Monday, November 08, 2010


There is no shame in apathy. There is no honour in compassion. There is no joy in the living and there is no sorrow in the dead. And that is why I gift you a pathetic death. I dedicate to your grim future this massacre of innocence. Let this day garland the end of freedom in these lands. Gentlewomen of Hasselplough, breathe and let your blades bleed victory from the jaws of defeat.



The rains had come on time. As had the seepage stains on the walls. The air was rife with the smell of fresh fungus. Even Nishtha had left on cue, to meet her ex.

"Why will they not come?"

He looked in disdain at the books that had sprouted like weeds on his table. Trying to weave legends of mythical lands and Gods with pedestrian language. Trying to ink to life the magic of human folly. Trying, yes. And failing miserably. Spilt milk from the cornflake bowl formed a white pool at the edge of the table. The fountain pen slowly rolled into the spill and fell off the table. He watched. The creased sheets of paper languished on the only clear patch on the rosewood desk.

A photo of him with Nishtha was nailed to the wall right behind the desk. She was smiling. He was looking dazed. As if he couldn't believe his luck at having her in his arms. She had not only fallen for him but curiously enough, also for his writing.

Yet now, the words did not come. When he needed them. Desperately.

He ambled into the kitchen to look at what she had left in the pan on the stove. The mushroom-chickpea soup was still steaming and smelling of a fresh ginger garnish. A loaf of half eaten cinnamon bread lay on the chopping board. He opened the fridge and took out the tin of butter. He carried an overfull bowl of soup, butter knife and tin all together to the writing table with the half-loaf of bread held between his teeth.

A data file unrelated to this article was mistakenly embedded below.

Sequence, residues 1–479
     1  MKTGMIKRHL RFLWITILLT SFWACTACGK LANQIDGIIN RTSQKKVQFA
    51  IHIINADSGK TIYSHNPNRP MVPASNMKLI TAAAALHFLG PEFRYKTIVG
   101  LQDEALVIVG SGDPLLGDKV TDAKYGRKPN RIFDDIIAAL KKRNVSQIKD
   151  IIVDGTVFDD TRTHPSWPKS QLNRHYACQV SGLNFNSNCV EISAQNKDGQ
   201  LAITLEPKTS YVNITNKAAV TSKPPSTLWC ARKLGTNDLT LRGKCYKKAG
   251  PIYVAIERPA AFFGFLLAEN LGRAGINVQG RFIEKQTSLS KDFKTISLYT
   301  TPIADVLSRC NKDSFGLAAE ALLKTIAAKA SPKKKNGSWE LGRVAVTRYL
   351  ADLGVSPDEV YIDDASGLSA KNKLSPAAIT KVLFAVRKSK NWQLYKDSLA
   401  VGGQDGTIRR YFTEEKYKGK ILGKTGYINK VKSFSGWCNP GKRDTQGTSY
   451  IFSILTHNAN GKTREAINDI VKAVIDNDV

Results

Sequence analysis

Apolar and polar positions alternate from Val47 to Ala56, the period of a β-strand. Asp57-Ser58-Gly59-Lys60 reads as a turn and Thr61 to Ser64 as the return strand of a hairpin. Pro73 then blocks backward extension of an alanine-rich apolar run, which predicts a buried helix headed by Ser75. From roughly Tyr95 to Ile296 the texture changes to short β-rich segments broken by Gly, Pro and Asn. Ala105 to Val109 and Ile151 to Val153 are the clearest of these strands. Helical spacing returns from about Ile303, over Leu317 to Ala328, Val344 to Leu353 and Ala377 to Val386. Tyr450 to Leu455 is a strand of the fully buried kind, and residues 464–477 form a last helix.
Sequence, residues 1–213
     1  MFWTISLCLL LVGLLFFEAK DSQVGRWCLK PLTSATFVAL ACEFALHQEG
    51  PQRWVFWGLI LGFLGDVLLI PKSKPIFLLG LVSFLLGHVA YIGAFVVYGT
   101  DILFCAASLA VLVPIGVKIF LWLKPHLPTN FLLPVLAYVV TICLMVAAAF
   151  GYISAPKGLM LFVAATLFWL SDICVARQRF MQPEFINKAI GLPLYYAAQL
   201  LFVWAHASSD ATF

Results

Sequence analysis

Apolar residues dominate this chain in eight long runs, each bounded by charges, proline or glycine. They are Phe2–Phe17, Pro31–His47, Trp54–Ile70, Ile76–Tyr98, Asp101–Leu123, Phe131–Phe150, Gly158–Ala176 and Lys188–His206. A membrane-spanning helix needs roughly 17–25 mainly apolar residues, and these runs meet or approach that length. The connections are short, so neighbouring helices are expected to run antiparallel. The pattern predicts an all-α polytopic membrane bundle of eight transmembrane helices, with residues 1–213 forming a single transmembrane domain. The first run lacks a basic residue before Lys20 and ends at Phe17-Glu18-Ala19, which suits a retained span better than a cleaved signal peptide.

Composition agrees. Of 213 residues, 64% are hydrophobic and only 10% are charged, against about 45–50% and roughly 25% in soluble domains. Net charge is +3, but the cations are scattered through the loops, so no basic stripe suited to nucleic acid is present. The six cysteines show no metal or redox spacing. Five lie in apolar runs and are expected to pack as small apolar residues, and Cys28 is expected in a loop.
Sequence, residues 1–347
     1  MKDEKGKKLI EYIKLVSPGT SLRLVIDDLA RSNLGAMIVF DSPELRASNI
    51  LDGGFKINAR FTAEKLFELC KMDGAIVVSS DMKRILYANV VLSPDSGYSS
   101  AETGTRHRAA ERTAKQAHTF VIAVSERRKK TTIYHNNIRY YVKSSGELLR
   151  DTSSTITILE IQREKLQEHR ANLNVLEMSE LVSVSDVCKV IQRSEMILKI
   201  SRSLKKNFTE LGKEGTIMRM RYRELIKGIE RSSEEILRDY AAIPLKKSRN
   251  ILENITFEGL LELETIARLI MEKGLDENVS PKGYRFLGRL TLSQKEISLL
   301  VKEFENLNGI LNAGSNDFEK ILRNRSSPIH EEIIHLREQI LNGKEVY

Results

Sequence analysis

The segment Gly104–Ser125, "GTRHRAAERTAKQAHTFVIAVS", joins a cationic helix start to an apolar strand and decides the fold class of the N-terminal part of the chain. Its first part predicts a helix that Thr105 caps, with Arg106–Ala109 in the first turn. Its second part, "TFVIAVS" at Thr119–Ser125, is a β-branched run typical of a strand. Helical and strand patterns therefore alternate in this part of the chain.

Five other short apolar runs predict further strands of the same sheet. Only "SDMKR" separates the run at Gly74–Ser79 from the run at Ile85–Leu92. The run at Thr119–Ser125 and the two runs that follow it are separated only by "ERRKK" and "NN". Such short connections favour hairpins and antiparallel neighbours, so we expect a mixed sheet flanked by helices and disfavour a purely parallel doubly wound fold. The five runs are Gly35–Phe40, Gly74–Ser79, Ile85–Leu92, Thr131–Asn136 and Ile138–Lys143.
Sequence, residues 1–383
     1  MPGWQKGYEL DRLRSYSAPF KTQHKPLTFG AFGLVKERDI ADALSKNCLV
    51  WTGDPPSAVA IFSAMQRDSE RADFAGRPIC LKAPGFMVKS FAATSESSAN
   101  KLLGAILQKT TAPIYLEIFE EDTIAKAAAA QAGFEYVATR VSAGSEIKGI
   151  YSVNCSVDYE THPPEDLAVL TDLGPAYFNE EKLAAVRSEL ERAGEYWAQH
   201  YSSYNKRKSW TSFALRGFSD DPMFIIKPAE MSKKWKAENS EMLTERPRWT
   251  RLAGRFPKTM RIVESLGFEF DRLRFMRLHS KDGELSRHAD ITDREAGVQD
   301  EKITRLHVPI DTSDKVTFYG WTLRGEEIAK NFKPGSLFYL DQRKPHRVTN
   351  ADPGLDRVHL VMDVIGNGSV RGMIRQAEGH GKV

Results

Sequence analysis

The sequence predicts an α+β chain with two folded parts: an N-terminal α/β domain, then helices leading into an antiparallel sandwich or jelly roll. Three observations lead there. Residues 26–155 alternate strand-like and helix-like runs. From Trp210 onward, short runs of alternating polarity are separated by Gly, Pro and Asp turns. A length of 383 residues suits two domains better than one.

"Did you forget to pay the phone bill again? My cellphone is not working. How can I go out without a phone?"

The splitting clicks of Nishtha's heels butchered the silent laziness that hung around the room.

"Well... did you?"


And so they went to war, the gentlewomen of Hasselplough. Nobody knows what happened after that. Did they kill many? Did they snatch history from time and carve their names in battle cries? Or did they freeze to mercy at the sight of their beloved enemies. No one knows. What one does know, however, is that the pen of legends was lost that day. Lost forever in an impasse with reality.


  1. Welcome back!

    The piece is grim - a signature style of melancholy, but as usual, you have a good command of accurate details.

    My warmest wishes to the writer with the fountain pen. (I'll toast to your good health as soon as I get the chance.)


  2. :-/ Don't know what to say...

    Please start writing again, the rustiness will go away.


  3. the new blog is nice and all - but i miss the old look :( is that pawna lake btw?

  4. @Anon: Hugs back.

    @CJ: Trying, trying... :) Yes, that is Pavana lake, from the Lohagad fort. Oh n thanks luv, for reading.